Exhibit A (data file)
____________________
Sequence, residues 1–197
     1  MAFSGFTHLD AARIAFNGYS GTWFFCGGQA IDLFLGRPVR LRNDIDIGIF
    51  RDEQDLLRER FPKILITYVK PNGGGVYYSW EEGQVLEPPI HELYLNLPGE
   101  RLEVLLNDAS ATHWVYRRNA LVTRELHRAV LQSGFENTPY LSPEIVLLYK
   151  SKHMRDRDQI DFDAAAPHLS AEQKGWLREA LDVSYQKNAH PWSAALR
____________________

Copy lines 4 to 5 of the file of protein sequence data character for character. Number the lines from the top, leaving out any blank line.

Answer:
   101  RLEVLLNDAS ATHWVYRRNA LVTRELHRAV LQSGFENTPY LSPEIVLLYK
   151  SKHMRDRDQI DFDAAAPHLS AEQKGWLREA LDVSYQKNAH PWSAALR